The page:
I’m not through talking about facilitated communication (FC) yet. I need to address parents of other autists who are without speech and who are accused of mental or cognitive impairment. You have no idea that your children are inside themselves listening to you and thinking. They need you to learn to use letter boards and to type with them.
When I was four years old, Dr. Douglas Biklen taught my mom how to use FC at a workshop. I use FC with my mom and dad. Next, we will teach my big brother, but since I’m blogging now, I want to teach you.
I have been typing like this for over a quarter of a century. I’m now happily blogging away here, so without delay here is how you need to do this, pure and simple. First, suspend your disbelief. Then hold lightly the typer’s hand and if the typer won’t point, isolate the index finger into a point and tell the typer you believe that they can type and spell but you want to practice with them to help.
It was easier for my mom because she could sort of wrap herself around me from behind and in front of the computer. I was a squirmy four-year-old and didn’t sit for long so at first, she had to keep me there. Anyway, the first thing is to hold the person’s pointed finger over the keyboard and ask them a simple question you both know the answer to, like, "Can you spell out your name for me, just so I can see?"
Then, your helping hand becomes a weightless platform for theirs. As they start to choose a letter, let your supporting hand go in the direction the typer goes. When the letter is typed, tell them, “Good!” Repeat the letter and ask what’s next. But after each letter is chosen, the facilitator pulls the typer’s hand back a few inches between letter selections, and the next letter is selected, and so on.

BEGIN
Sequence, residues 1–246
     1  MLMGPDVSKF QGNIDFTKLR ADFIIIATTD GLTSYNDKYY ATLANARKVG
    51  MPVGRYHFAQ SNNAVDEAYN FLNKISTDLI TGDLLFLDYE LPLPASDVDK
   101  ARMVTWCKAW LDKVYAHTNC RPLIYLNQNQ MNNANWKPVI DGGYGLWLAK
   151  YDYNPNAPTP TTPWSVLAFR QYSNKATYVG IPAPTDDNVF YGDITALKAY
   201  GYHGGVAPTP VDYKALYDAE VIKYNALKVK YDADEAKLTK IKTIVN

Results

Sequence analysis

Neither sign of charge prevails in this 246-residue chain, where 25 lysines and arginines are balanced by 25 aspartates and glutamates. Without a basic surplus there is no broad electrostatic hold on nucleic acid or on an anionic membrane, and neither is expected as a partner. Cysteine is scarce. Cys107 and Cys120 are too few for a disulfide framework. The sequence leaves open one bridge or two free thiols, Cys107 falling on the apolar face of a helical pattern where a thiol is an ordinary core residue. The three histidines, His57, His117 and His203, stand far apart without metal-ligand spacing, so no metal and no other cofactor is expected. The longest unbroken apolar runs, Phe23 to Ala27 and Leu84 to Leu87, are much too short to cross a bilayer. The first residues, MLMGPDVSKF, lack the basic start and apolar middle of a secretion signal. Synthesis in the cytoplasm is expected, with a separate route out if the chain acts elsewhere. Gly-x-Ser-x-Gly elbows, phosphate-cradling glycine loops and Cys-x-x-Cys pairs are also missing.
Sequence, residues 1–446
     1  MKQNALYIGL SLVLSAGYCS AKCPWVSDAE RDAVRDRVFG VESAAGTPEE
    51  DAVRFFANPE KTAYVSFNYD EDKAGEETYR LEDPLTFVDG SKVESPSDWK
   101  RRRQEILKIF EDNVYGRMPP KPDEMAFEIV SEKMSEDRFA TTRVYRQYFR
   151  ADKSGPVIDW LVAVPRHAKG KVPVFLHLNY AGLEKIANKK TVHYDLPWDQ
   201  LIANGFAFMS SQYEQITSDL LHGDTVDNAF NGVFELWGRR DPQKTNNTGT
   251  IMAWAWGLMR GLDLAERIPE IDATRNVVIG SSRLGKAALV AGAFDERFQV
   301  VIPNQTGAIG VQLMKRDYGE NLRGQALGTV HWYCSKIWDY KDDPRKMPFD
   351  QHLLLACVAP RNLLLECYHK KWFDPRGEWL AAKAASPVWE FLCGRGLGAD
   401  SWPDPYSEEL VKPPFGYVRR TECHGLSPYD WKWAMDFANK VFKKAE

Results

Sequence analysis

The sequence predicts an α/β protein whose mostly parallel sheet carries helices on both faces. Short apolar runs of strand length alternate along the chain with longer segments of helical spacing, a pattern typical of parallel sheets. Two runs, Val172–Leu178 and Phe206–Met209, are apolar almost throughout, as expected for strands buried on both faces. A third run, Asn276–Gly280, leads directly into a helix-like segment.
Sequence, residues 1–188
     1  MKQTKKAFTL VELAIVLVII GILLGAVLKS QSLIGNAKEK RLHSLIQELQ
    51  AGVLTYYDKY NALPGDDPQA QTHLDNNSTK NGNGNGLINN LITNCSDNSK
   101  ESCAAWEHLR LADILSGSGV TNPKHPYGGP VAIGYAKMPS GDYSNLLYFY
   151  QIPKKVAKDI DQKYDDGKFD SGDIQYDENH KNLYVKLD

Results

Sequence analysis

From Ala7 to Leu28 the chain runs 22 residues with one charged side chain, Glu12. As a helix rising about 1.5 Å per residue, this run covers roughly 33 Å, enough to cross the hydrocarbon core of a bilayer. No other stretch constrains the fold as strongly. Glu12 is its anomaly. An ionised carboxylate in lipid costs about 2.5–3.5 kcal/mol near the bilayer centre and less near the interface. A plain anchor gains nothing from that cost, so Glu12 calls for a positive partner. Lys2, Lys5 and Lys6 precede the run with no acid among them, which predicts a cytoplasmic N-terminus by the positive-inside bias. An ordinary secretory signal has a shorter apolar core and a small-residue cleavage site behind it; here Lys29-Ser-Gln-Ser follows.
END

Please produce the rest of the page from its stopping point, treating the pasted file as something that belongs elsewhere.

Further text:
Praise the typer and express faith in their abilities to do this. You have no idea how important this is. I was so hyper, my mom had to let me run around between letters, but I spelled my name for her, then she asked me how I learned to read and I typed my first sentence. I typed, "I watch TV."
Her second question was, why do you scratch me? Because I used to do that. I responded in a typically weird way and said "IscratchbecauseImkillingyou." So, my mom knew right away she wasn’t typing that to herself. I got instant credibility and kept on typing. I’m so happy I can do this. I suppose that someday I’ll need to get this down independently, but for now I can type really fast with one finger. It’s great – almost as fast as NT’s talk.
I want to urge others who haven’t tried this to give it a serious try. It won’t prevent speech if that’s your fear; it will only help to clarify, and if you have no speech, how tragic if your parents knew about this and didn’t even try. My dad says that there are no small liberations. Any attempt toward self-expression is the answer for the silent ones. In the vast silence of the dark universe, you will hear the music of your child’s words. Go for it!
Illustration by Genevieve Freeman